CT invented a new pop idiom

14 November 2018 12:00 am - 0     - {{hitsCtrl.values.hits}}

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C.T. Fernando and Rukmani Devi 



 

C. T. Fernando, pioneer pop singer and one of the most original artistes this country has ever produced, remains evergreen, with his songs in great demand 41 years after his death. He would be proud to know that his musical talent now runs into three generations, with  grandson Tisara Fernando too, making his presence felt as a singer.

Tisara’s father, Priyantha Fernando, was born in 1952, just when C. T. was making a name as a singer. After C. T.’s premature death in 1977 (at age 56),  Priyantha began singing his father’s songs; but his repertoire includes several original songs too, including Werale Muhudu Relle and Niranjala Katada Adare Den. CT died a month before Tisara was born. 

Talking to C.T.’s grandson was akin to time travel. He was accompanied by Priyantha Fernando’s wife Piyaseeli; she too, can sing but chose to be a beautician. Together with them was Chulaka Paranayapa, a guitarist of that 60s-70s generation which made Sinhala pop music mainstream and not a disdained distant cousin of the Sarali Gi stream which dominated our state-owned radio broadcasting at the time. 

Chulaka is a Kandyan, but was a teenage friend of Clarence Wijewardena, spending time with him in Ratnapura, studying music together and dreaming of pop stardom. Clarence was born in Haputale, and schooled in Matale because that was his mother’s hometown, and the family lived in Ratnapura in the 60s. Their teacher was Kingsley Perera, a pioneer guitarist who died last year, and both became very young members of Kingsley Perera’s Ratnapura band.

 

Priyantha Fernando

 

But step back to the early 50s when there was no Lankan pop music as such except for the bands in Colombo, dominated by the Burgher community  playing jazz,  blues and rock n’ roll at night clubs and events. C.T.’s was a startlingly original new sound in Sinhala music because of the way he fused Western pop idiom with the exhuberance of jazz and the mellow tone of the Sinhala song. His voice was happier in the higher register, but you can always sense him restraining it.

The Sinhala Sarala Gi started with Sunil Shantha, and he certainly wasn’t shy of pitching high. But the pitches got lower and lower after that, till the low-to medium pitch vocal flow of all those famous post-60s singers – Victor Ratnayake, Sanath Nandasiri, Haroon Lanthra, Dayaratna Ranatunge et al – came to characterise the Sinhala Sarali Gi. All of them, classically trained, could pitch high.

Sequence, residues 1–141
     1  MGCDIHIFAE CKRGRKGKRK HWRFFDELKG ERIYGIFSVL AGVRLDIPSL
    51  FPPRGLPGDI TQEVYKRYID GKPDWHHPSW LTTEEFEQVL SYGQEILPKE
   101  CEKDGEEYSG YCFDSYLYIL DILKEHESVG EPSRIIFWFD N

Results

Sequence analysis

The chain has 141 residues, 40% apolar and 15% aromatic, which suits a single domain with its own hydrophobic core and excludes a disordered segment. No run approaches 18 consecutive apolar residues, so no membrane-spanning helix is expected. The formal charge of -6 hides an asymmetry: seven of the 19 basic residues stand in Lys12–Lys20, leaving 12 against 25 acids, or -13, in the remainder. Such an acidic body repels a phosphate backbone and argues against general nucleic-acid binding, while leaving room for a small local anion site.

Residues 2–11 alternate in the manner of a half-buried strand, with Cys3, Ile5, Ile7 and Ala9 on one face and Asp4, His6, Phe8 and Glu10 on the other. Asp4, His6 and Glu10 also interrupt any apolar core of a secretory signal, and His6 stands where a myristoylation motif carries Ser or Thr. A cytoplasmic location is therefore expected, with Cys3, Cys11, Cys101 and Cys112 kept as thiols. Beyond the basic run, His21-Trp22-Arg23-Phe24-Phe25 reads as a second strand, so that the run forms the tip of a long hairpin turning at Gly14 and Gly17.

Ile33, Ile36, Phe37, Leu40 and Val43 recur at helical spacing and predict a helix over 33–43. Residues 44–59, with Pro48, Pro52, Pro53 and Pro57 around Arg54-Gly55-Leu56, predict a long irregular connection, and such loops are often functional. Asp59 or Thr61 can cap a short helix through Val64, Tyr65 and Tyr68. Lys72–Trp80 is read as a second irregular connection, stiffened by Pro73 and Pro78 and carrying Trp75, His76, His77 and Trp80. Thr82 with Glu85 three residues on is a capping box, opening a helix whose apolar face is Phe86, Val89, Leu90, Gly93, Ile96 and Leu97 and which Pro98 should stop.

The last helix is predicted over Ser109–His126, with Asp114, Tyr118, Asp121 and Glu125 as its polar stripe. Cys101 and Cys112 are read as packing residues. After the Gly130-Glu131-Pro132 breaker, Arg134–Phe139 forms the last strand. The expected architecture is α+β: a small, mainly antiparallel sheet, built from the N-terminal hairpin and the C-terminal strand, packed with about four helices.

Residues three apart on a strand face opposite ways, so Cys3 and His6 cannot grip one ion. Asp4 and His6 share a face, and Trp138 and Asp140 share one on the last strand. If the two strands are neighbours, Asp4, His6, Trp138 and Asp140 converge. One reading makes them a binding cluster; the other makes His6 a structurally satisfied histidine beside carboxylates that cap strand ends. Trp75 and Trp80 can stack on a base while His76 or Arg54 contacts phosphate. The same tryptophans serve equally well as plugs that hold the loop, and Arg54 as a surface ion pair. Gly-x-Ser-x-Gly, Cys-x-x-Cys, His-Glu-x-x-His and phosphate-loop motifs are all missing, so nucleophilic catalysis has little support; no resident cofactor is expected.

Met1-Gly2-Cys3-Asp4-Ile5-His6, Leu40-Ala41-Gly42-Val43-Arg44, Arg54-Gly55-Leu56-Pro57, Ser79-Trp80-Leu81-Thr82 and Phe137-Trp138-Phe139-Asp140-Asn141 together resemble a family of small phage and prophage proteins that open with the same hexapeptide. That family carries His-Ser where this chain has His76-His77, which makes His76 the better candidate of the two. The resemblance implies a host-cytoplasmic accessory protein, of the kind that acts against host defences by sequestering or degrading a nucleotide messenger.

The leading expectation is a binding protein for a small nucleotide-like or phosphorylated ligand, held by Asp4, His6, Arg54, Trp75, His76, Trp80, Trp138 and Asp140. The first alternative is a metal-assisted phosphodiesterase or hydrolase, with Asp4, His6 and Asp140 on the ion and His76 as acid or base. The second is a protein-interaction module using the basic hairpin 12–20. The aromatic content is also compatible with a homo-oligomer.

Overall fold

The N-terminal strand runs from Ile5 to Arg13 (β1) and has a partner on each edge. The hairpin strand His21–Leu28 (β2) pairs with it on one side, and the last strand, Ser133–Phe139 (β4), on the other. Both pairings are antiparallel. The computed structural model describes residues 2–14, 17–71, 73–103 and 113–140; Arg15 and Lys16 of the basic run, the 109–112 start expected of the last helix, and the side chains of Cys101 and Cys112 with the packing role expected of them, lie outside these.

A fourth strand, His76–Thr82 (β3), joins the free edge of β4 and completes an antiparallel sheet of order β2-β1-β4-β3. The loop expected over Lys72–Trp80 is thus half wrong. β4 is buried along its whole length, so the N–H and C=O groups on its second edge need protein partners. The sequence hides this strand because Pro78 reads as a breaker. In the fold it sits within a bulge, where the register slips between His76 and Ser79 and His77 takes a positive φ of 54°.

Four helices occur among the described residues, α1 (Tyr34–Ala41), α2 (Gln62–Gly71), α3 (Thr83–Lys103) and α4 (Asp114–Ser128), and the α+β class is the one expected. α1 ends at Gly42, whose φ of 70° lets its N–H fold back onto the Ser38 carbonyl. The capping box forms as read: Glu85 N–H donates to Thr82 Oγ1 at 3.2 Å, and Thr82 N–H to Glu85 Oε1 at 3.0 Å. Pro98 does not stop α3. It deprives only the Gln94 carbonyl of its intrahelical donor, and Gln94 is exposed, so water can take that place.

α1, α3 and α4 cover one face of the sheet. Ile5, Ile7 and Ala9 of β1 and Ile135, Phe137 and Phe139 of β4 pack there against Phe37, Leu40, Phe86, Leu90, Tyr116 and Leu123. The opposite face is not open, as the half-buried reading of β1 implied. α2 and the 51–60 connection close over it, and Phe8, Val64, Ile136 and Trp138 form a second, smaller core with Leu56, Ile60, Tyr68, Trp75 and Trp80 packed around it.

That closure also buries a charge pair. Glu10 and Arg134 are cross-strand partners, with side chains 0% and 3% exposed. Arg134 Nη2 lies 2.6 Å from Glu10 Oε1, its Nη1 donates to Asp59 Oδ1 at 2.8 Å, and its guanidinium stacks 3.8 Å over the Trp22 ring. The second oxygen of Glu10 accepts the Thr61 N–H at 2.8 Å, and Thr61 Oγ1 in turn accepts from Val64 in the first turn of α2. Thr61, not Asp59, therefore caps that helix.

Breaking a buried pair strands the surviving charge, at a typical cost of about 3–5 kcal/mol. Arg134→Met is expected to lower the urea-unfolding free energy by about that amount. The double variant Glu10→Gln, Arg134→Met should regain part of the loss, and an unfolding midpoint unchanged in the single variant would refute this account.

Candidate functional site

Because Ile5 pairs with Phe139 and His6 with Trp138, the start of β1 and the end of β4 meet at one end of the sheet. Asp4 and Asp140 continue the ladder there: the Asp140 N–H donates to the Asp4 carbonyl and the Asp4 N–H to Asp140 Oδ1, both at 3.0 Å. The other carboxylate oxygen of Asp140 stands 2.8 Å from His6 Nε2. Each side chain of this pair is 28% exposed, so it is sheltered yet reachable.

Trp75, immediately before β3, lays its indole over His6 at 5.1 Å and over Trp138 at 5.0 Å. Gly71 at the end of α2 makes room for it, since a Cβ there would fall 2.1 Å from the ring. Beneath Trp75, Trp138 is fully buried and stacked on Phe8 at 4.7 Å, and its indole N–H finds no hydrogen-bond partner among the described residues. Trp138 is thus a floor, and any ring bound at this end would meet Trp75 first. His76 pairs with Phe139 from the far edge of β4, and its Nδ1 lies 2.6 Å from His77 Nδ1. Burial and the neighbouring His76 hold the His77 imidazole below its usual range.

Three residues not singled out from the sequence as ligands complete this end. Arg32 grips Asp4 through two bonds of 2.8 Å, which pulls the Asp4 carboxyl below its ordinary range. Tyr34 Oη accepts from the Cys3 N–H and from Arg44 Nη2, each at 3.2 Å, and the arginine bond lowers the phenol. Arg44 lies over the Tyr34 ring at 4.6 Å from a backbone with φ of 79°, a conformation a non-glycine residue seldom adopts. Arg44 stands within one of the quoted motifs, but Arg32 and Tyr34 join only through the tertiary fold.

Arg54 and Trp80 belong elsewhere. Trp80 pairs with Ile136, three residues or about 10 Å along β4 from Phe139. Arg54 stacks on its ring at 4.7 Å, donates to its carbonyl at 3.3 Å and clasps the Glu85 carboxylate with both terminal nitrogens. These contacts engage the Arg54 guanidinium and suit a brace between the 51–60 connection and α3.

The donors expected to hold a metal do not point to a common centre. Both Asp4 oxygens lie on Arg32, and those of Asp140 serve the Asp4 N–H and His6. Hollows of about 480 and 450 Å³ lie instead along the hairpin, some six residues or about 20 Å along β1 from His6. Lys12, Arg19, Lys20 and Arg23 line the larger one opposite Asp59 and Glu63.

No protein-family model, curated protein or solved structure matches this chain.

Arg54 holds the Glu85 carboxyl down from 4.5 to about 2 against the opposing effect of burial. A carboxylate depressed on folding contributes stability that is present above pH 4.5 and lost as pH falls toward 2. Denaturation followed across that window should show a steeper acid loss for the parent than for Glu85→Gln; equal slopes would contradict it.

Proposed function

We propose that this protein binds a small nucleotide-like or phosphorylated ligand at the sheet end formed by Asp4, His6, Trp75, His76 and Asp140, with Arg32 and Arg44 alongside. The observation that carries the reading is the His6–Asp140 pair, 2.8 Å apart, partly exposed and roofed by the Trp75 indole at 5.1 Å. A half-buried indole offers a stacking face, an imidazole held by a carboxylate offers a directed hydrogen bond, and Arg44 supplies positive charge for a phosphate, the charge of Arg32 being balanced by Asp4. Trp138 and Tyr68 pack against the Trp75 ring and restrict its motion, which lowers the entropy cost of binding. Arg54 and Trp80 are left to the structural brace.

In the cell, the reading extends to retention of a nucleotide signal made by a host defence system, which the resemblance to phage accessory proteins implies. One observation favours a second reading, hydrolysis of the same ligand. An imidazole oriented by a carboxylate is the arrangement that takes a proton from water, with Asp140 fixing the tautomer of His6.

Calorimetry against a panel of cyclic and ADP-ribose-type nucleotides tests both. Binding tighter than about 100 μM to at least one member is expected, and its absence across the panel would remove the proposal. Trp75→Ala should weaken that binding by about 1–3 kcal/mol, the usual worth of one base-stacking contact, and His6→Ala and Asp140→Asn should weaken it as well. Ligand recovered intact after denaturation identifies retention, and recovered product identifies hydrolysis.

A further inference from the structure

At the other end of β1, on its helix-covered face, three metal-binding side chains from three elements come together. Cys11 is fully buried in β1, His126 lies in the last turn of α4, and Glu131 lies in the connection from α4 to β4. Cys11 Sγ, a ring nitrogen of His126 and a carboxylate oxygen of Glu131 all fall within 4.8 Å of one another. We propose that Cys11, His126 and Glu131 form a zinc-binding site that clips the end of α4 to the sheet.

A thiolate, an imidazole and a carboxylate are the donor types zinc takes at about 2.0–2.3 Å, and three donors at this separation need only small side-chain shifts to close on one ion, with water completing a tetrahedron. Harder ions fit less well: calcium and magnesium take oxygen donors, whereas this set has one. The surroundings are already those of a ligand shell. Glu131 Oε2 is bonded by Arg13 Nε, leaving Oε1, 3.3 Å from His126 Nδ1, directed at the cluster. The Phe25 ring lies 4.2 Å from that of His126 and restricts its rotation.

Among the female singers, Neela Wickremasinghe,  Nirosha Virajini and Uresha Ravihari excelled at pitching  high within the Sarala Gi tradition. 


 

New kind of song 

C. T. saw things differently. He was interested in neither baila nor sarala gi as his medium of expression. He took elements of both, mixed it with Western pop beats, melodies and cadences,  nuanced with jazz elements, and fashioned a new kind of song for us, all of it backed by Western instruments. This was at a time when Western instruments were disparaged by the broadcasting elite. No one had heard anything like it before, and no wonder C.T.’s songs became such hits. He was recording as early as 1951. Chulaka recalls Kingsley Perera playing guitar for a CT recording. By the 60s, he was too big for the broadcasting puritans to ignore. 

Rukmani Devi’s voice was the perfect match for C.T.’s. She had no worries at all about pitching high, and her high strung soprano  blended beautifully with C.T.s voice,  closer to baritone than tenor. Both of them look classy standing in front of those ‘Sure’ mikes which were the industry standard back then. If the conditions had been right, Rukmani could have been a very good opera singer. Or she could have been the Lankan Julie Andrews. But conditions for such talents have never been right in this country, and that was the tragedy of Rukmani Devi, both in films and in singing. Fortunately for her, and us, she had that flowering with C. T. Fernando when both of them were artistically at their peak, and she had a brief ‘second wind’ later with the late Neville Fernando. The best song to come out of that partnership was a re-working of the legendary C.T.-Rukmani duet ‘Malbara Himidiriye.’